But it wasn’t always that way. In order to live this way, being able to feel comfortable and secure is absolutely essential. When everyone around you knows that you’re bi (or any other orientation/identity), you will face some judgement and questions. You cannot let those things put doubt in your mind, you know who you are better than anyone else does. Reaching this point of stability in your identity can take a long time. For me it took several months, but for some people it could take years. That is okay. Once you reach this point, you may make the choice to be extremely open with your identity, or you may wish to be more private or reserved. The decision of how open to be with your sexuality/identity is entirely yours. But I’d like to share some pros and cons of being as open as I am and how they affected my decision to be who I am so publicly.




  • Less confusion


      • This is not to say that everyone will understand your identity, but there will be significantly less confusion as to how you identify. Everyone on my team may not understand bisexuality or what it means to me, but they do understand that I am bisexual and open to discuss the topic with anyone.


  • Sense of freedom


      • For me, coming out to people always created this type of weight on my chest, and for every person I came out to individually, only a small amount of this weight was lifted. Nowadays, I rarely feel this weight at all. There isn’t a weight on my chest because I don’t pressure myself to formally come out to every single person on my team. I don’t have to watch what I say to avoid outing myself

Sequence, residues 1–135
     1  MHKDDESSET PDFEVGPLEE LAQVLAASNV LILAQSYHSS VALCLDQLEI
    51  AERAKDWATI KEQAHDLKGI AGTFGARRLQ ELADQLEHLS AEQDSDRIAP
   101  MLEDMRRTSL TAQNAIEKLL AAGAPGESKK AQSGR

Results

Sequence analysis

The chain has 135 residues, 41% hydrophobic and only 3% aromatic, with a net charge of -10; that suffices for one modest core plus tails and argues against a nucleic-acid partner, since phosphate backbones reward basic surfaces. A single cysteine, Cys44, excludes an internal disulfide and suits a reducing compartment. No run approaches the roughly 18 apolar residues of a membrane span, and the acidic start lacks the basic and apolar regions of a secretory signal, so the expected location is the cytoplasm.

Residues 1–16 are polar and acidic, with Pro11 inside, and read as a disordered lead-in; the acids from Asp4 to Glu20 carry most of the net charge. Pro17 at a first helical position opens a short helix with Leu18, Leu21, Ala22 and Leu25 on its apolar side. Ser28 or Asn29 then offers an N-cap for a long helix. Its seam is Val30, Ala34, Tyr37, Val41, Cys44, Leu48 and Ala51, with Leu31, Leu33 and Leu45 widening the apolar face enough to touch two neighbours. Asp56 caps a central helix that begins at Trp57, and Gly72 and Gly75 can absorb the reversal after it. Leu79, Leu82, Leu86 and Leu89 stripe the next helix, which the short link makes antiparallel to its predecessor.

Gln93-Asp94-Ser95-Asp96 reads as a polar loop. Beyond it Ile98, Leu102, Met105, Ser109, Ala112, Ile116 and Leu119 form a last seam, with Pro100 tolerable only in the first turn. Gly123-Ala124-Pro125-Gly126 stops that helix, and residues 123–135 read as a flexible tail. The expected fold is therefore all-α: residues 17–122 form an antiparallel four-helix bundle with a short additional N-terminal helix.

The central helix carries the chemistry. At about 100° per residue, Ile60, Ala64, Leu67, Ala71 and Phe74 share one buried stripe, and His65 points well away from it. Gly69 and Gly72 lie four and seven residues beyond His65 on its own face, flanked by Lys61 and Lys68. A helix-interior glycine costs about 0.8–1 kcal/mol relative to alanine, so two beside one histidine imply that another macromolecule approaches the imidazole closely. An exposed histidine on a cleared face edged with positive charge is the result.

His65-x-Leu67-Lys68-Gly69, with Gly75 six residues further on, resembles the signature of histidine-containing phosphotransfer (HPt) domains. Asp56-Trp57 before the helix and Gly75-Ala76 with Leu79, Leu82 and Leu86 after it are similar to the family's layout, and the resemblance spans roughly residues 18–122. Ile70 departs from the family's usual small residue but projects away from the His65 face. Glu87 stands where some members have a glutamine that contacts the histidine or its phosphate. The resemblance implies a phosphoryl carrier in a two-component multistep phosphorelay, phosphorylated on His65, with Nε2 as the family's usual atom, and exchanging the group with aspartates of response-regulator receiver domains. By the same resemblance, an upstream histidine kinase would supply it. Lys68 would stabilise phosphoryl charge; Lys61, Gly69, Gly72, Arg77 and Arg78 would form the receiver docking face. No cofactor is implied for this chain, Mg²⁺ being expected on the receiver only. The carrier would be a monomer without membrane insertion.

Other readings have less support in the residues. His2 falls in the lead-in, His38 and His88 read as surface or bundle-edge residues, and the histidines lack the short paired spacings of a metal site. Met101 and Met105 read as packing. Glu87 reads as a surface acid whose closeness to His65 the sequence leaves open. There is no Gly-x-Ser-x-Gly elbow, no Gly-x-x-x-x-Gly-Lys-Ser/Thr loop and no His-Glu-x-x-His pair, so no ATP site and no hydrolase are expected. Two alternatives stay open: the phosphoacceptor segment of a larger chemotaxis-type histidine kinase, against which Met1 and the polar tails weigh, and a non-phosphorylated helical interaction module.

• Spotting toxic people


    • Perhaps the biggest advantage to me of my openness, is the ability to identify people who are not going to be supportive of me. I’ve learned from personal experience that nothing is worse than coming out to a long-time friend to have them treat you poorly or start to distance themselves from you. One way I’ve been able to avoid this sort of drama and heartbreak is by being open and upfront about my sexuality. It gives others the chance to never become my friend if my sexuality makes them so uncomfortable. For me, this works, it might not work for everyone. Personally, if someone doesn’t want to be my friend because they know I’m bi, then so be it – I will be better off without those people in my life.



  • Others will out you


      • For me, this wasn’t a very big issue, but part of making this decision meant that, yes, people would know I was bi, sometimes without me ever mentioning it to them. However, this was still something I had to consider. When you don’t treat your sexuality as a secret, others won’t treat it as such either. You have to be okay with this because ultimately, it is going to happen in some capacity.


  • Keeping it from specific people


      • When you become incredibly open with your sexuality, you learn not to think twice about mentioning it, referencing it, and making jokes about it. This can be tough to switch off for certain people/atmospheres. For example, I’m extremely open on my team and  with other friends, but as of right now, I haven’t come out to my parents as bisexual. Oftentimes I have to catch myself when I’m around my family, to keep me from outing myself to them with a lousy pun. The other concern, much like with the previous con, is that someone will accidentally out me to my parents. For me, this wouldn’t be a dangerous situation, but an awkward one. Being even slightly selective with your openness (around family or a certain selection of people) can be difficult when everyone else in your life knows both about your sexuality and how open you are with it


  • General Bigotry